Then again, it might even spur an organization to realign the departments to accommodate the “new desktop” or to put in place a more comprehensive workflow for who owns which pieces.

Question 2: When will the client hypervisor support a Linux Image?

If you look at the big picture of ALL client hypervisors, several already do, especially in the Type-2 world. I’m assuming, however, that this question is related to just Type-1 hypervisors, in which case there are two that can do it today—Virtual Bridges VERDE LEAF (which is part of VERDE 4), and Virtual Computer NxTop.

Most people don’t look at LEAF as a Type-1 client hypervisor, but if you boil it down to the basics (hardened Linux kernel designed to run on desktop hardware for the sole purpose of running VM’s), I think it fits. Brian wrote a great article on this very topic about a month ago with some great comments

As for when Citrix and VMware will support a Linux image, I think the answer is something like “when enough of their customers ask for it.” So, whoever asked that question, get two or three hundred of your closest friends to start asking!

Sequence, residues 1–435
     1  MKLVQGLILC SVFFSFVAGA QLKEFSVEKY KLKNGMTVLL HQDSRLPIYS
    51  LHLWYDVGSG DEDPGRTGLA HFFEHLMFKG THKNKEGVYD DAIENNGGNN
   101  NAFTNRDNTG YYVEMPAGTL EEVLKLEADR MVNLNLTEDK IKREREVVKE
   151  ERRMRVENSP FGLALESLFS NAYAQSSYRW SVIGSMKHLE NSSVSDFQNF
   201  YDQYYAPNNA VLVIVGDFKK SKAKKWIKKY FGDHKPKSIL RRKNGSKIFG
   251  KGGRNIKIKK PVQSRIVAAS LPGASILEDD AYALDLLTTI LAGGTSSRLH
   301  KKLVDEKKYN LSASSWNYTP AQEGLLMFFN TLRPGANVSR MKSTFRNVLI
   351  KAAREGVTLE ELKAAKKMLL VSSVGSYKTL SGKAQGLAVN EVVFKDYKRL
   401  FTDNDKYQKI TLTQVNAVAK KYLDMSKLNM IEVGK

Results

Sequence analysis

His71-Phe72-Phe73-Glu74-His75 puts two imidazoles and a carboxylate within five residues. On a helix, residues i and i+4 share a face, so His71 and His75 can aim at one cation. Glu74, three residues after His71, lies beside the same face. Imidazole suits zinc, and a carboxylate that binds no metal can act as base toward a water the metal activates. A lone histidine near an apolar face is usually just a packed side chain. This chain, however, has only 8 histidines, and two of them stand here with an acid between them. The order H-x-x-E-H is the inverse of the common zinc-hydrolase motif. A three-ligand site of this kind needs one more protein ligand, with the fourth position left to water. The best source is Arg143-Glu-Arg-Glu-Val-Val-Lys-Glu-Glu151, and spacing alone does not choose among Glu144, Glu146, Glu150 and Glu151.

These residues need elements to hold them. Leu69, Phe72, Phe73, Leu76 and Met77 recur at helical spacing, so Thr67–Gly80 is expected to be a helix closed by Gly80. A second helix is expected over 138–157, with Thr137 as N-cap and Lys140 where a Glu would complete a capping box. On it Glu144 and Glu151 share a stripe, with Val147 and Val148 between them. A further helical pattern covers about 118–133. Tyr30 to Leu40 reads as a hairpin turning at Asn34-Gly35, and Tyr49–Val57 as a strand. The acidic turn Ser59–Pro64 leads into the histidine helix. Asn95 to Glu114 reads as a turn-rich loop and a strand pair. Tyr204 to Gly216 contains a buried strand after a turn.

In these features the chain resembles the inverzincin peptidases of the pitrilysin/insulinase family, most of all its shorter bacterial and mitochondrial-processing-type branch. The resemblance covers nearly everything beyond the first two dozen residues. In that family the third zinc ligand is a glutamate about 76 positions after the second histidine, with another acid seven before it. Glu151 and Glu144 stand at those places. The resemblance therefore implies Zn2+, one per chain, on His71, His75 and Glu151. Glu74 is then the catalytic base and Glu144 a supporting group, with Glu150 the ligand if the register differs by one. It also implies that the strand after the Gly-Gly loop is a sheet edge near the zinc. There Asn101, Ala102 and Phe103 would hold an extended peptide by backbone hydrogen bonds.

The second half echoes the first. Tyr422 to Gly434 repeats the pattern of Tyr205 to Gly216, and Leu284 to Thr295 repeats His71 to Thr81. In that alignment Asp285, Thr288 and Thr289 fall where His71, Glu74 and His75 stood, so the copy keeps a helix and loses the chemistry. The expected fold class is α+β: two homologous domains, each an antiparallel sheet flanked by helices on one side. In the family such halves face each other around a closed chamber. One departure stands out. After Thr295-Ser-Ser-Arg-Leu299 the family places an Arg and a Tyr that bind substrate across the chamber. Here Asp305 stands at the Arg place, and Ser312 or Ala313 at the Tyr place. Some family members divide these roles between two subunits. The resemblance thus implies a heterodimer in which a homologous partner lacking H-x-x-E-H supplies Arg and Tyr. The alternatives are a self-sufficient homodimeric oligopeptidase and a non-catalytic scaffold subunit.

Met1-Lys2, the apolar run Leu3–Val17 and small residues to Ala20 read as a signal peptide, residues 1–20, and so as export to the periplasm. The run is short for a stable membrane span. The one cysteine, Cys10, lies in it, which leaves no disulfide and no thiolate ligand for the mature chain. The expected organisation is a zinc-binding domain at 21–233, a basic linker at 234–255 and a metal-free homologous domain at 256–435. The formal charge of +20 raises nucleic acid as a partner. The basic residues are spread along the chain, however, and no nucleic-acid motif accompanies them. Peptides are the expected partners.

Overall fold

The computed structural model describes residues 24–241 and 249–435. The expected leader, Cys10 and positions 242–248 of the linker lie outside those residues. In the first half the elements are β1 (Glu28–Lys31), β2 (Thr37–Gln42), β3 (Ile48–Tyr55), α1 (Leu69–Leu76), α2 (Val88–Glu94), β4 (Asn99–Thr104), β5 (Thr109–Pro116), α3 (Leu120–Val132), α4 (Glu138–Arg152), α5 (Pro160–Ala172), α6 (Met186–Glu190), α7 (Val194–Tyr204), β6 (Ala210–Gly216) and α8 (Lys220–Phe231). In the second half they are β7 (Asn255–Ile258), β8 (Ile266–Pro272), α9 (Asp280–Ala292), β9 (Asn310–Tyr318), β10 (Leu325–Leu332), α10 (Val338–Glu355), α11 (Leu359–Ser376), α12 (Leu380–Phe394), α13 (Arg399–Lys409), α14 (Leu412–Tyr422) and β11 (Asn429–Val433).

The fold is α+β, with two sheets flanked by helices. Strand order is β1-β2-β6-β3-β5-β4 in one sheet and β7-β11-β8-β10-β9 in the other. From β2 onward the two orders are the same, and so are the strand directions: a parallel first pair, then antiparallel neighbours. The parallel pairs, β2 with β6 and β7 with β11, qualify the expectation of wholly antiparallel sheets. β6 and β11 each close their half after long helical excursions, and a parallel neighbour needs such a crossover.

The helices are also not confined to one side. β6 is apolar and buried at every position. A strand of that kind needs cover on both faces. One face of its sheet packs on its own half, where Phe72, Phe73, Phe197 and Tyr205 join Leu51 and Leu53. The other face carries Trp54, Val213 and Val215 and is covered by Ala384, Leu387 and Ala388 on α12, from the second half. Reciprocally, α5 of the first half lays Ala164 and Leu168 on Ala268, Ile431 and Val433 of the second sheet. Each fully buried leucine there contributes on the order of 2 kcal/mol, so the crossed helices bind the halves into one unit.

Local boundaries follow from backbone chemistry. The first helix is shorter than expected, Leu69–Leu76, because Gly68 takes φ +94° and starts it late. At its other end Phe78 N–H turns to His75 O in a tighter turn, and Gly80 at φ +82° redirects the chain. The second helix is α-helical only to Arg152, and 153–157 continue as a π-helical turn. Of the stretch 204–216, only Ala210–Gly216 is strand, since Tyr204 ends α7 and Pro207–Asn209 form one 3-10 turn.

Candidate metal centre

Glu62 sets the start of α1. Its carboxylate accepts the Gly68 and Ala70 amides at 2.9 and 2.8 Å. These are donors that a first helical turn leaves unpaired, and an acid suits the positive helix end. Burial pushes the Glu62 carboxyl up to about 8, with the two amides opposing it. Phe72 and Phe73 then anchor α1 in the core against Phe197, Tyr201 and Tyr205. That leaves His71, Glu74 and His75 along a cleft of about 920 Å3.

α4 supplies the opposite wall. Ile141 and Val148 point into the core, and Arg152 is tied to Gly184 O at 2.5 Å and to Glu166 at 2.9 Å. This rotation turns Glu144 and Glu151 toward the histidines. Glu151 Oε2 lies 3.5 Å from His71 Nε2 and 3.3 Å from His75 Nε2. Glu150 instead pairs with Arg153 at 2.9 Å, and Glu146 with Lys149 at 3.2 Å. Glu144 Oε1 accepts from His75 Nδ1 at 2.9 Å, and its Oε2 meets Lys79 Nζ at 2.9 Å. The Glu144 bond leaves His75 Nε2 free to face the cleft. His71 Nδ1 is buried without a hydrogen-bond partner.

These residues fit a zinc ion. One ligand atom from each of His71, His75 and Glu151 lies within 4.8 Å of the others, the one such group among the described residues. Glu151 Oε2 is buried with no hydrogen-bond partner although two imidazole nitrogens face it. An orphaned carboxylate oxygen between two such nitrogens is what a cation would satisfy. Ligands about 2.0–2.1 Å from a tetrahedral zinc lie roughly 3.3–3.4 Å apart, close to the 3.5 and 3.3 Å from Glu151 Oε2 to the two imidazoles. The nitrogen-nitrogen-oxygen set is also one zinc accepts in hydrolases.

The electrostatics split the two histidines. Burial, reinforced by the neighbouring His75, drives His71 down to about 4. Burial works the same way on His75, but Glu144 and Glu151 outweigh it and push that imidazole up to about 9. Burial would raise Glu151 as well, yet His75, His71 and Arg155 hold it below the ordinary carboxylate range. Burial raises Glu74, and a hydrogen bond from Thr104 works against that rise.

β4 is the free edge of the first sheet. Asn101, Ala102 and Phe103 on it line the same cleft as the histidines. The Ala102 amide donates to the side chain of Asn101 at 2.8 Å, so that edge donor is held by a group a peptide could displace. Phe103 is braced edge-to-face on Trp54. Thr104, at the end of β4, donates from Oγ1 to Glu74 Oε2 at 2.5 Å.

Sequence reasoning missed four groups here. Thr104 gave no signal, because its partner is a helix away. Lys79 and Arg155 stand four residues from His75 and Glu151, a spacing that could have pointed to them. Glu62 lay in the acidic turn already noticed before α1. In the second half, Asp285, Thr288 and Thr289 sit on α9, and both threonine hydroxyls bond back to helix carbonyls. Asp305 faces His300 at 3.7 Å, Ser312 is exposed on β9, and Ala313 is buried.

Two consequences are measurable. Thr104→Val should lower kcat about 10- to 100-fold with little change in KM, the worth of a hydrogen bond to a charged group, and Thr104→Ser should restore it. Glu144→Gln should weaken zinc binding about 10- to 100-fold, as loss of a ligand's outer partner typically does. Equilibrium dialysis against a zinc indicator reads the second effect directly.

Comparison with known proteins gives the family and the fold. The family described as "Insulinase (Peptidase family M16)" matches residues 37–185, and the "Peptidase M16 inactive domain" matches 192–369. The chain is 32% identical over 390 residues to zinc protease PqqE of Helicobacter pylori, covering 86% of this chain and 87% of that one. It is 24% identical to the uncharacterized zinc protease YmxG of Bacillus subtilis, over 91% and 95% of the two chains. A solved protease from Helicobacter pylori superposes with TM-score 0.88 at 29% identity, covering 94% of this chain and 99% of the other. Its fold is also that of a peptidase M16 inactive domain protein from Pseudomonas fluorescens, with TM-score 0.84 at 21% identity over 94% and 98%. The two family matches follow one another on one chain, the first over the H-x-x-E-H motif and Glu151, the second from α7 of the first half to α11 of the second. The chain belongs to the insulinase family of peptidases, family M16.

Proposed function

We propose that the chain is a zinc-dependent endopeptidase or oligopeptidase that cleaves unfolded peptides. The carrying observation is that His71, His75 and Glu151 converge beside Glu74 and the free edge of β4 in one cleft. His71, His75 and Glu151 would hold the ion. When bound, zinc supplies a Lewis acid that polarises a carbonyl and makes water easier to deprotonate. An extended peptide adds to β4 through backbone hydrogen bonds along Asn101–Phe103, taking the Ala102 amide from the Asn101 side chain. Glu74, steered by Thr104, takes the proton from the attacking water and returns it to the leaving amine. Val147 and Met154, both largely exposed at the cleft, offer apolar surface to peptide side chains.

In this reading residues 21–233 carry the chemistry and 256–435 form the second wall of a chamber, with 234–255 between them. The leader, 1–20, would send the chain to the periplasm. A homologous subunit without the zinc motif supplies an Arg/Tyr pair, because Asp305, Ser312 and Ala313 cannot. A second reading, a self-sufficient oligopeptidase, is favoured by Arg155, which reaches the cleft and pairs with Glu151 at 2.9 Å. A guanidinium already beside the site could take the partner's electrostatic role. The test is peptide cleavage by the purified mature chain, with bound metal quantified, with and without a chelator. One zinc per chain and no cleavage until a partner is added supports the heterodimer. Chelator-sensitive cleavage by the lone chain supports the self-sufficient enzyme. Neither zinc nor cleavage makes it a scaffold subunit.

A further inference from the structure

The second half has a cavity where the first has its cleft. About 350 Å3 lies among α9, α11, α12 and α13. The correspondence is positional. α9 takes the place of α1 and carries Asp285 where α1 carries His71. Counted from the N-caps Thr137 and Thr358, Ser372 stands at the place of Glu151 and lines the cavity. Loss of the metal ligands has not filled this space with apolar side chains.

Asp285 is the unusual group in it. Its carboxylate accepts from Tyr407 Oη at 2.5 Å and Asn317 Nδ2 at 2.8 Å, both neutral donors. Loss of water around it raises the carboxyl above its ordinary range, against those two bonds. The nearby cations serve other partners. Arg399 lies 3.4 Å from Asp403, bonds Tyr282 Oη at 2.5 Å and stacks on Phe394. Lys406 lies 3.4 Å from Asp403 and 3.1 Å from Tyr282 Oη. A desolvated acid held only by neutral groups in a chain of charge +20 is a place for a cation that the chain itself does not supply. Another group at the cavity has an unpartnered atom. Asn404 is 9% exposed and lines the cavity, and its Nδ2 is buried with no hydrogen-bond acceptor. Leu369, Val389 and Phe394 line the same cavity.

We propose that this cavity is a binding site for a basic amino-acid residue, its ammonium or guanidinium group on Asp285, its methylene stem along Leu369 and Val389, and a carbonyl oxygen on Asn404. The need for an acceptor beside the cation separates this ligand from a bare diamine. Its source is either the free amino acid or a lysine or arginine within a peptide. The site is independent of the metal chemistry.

Question 3: I can't hear the audio…

Wrong panel…

Question 4: It seems like the majority of the focus is on managing the "OS Container" - where is the integration with the management within the OS?

The direction to take this answer depends on WHY you’re using client virtualization.

If you’re using client virtualization as a local-only solution to standardize your images, run Windows on a Mac, or provide people with multiple VM’s for one reason or another, you’re probably going to be managing the VM’s the same way you manage your PC’s.

If you’re using it as a deployment mechanism for a shared image (as in offline VDI), then you need to look at the bigger picture of “desktop composition.” OS patches and core applications would be handled by whatever provisioning system you use. Other applications might be streamed to the desktop, in which case managing/updating them is handled by whatever streaming product you choose. Security, user data, and profiles also fall in the same line.